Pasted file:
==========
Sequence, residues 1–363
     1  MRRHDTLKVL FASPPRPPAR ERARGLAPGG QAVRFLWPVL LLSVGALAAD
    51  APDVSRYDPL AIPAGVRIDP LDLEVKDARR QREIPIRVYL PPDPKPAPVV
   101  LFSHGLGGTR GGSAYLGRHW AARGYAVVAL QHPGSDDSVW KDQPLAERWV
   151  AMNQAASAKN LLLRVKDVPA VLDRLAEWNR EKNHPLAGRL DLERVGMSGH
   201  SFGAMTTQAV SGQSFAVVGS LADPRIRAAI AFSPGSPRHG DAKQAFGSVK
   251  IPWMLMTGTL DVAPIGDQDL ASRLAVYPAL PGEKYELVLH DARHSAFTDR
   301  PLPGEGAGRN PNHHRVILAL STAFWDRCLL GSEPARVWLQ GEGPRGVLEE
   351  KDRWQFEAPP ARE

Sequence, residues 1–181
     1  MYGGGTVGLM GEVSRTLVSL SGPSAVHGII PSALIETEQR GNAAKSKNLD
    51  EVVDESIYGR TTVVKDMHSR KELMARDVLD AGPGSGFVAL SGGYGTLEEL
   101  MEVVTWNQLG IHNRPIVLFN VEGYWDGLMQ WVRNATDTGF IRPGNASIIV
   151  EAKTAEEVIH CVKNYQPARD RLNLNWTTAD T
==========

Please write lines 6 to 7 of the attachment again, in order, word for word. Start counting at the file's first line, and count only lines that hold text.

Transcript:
   201  SFGAMTTQAV SGQSFAVVGS LADPRIRAAI AFSPGSPRHG DAKQAFGSVK
   251  IPWMLMTGTL DVAPIGDQDL ASRLAVYPAL PGEKYELVLH DARHSAFTDR